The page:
If you’re a reader who enjoys learning about ancient myths and legends, now is the time to thrive with these engaging book series. Myth and fairytale retellings are in vogue and reading about ancient mythologies is no longer just a school time nuisance.
Myths and legends have been making a comeback for a long time — Disney has been retelling fairytales for decades, and myths have been retold in various forms with novellas like the “Penelopiad” by Margaret Atwood, books like “American Gods” by Neil Gaiman and series like “Percy Jackson and the Olympians” by Rick Riordan.
But Gaiman, Atwood and Riordan are no longer the only voices for entertaining mythology retellings, and Disney is no longer the only place to go for all your fairytale needs. Ancient lore and fairytales are now being retold in countless different ways. If you want to read an imaginative and whimsical tale about princes and princesses or gods and goddesses, your options are now endless. Here are three of the best book series that retell ancient myths and fantasies:
1. “The Lunar Chronicles” by Marissa Meyer
“Even in the future the story begins with once upon a time.”
Everyone knows the tales in the four-book “Lunar Chronicle” series: Cinderella and her evil stepmother, Little Red Riding Hood and the big bad wolf, Rapunzel, stuck in her tower and Snow White and the poison apple. But Marissa Meyer takes those tales and sets them in the future, where Cinderella isn’t a helpless girl waiting for her prince, but a hardworking mechanic named Cinder. In this world, she doesn’t have the same rights as most people, as her stepmother constantly reminds her — Cinder is a cyborg.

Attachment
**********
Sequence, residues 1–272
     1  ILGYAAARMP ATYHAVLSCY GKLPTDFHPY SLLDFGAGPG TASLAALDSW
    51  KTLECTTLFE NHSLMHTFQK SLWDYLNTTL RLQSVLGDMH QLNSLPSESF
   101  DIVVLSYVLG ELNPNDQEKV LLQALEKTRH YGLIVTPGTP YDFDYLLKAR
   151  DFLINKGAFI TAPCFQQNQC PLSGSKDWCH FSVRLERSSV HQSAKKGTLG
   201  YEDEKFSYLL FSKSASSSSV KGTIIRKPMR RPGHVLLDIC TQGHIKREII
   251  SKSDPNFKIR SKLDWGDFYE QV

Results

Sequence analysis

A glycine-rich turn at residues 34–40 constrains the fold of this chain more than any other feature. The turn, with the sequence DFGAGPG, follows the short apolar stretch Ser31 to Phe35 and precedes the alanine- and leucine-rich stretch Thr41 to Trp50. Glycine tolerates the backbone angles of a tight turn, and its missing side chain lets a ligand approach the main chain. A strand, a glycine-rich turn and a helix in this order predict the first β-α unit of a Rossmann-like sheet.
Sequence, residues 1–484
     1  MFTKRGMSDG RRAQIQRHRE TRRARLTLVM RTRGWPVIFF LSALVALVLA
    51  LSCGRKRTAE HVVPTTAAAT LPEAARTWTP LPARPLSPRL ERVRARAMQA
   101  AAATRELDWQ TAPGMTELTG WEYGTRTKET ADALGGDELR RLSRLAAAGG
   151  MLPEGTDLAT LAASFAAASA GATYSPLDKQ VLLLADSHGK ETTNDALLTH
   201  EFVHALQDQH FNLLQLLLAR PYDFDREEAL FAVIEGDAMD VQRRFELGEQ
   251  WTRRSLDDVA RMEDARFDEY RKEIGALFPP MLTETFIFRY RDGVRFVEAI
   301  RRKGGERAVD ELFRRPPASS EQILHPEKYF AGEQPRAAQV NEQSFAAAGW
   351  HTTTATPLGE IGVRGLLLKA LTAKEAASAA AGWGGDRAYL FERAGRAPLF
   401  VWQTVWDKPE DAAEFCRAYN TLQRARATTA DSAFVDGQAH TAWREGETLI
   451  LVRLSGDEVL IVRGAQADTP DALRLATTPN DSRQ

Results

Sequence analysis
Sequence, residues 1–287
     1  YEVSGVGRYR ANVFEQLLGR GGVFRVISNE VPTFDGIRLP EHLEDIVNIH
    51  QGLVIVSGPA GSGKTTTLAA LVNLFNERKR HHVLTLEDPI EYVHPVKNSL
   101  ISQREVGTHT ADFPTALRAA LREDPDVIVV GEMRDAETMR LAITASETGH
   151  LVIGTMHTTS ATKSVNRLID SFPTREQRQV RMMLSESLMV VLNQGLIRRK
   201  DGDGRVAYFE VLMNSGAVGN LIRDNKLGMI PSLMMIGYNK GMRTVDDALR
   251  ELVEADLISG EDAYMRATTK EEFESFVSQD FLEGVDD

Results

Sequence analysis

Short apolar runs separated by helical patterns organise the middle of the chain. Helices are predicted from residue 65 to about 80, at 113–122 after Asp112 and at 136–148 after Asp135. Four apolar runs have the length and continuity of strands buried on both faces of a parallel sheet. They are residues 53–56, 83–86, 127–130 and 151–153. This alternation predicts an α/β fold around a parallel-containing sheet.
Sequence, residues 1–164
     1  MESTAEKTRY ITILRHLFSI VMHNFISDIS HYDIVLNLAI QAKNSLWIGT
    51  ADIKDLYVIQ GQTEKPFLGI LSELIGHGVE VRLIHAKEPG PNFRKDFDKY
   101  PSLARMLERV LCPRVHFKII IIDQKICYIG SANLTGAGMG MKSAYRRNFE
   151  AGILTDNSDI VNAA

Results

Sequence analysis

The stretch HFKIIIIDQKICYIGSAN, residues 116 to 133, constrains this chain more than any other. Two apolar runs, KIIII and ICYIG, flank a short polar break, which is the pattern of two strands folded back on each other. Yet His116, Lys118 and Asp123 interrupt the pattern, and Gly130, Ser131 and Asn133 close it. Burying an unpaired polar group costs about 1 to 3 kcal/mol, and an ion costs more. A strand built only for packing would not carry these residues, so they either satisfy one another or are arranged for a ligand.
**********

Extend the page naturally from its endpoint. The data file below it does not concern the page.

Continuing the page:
Throughout the series, Meyer weaves the tales of Cinderella, Little Red Riding Hood, Rapunzel and Snow White into one entertaining and endearing story. Starting with “Cinder,” Meyer takes the well-known fairytales and turns them into a fun, powerful and futuristic four-book series. Instead of the big bad wolf, there are hybrid, special operative wolf men. Rapunzel isn’t a girl stuck in a tower, but an intelligent hacker who’s been imprisoned on a satellite.
Once you pick “Cinder” up, you’ll want to keep reading to find out what happens in the sequels, “Scarlet,” “Cress” and “Winter,” and wonder why you didn’t start reading “The Lunar Chronicles” sooner.
2. “A Court of Thorns and Roses” by Sarah J. Maas
“Beauty didn’t mean anything in the forest.”
In this three-book series, Sarah J. Maas loosely retells both fairytale and fable, starting with the tale of “Beauty and the Beast,” and merging ancient myth into the second and third installment.
The series begins with Feyre in the woods, hunting to feed her family. But thanks to a fateful encounter with a wolf and an ancient treaty, Feyre must live out the remainder of her human life in the fairy realm, echoing the curse and confinement of the original “Beauty and the Beast” fairytale.